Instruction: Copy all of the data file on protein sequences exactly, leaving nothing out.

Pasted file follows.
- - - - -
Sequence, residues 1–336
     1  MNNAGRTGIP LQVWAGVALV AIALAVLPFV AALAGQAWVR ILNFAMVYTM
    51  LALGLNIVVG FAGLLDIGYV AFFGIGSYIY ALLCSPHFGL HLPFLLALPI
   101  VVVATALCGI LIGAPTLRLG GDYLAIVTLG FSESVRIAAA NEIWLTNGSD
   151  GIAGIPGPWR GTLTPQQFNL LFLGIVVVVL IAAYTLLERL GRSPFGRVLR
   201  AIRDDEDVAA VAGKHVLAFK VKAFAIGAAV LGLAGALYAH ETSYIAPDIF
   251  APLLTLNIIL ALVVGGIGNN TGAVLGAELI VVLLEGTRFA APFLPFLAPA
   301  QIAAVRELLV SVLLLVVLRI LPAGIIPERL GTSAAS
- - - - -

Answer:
Sequence, residues 1–336
     1  MNNAGRTGIP LQVWAGVALV AIALAVLPFV AALAGQAWVR ILNFAMVYTM
    51  LALGLNIVVG FAGLLDIGYV AFFGIGSYIY ALLCSPHFGL HLPFLLALPI
   101  VVVATALCGI LIGAPTLRLG GDYLAIVTLG FSESVRIAAA NEIWLTNGSD
   151  GIAGIPGPWR GTLTPQQFNL LFLGIVVVVL IAAYTLLERL GRSPFGRVLR
   201  AIRDDEDVAA VAGKHVLAFK VKAFAIGAAV LGLAGALYAH ETSYIAPDIF
   251  APLLTLNIIL ALVVGGIGNN TGAVLGAELI VVLLEGTRFA APFLPFLAPA
   301  QIAAVRELLV SVLLLVVLRI LPAGIIPERL GTSAAS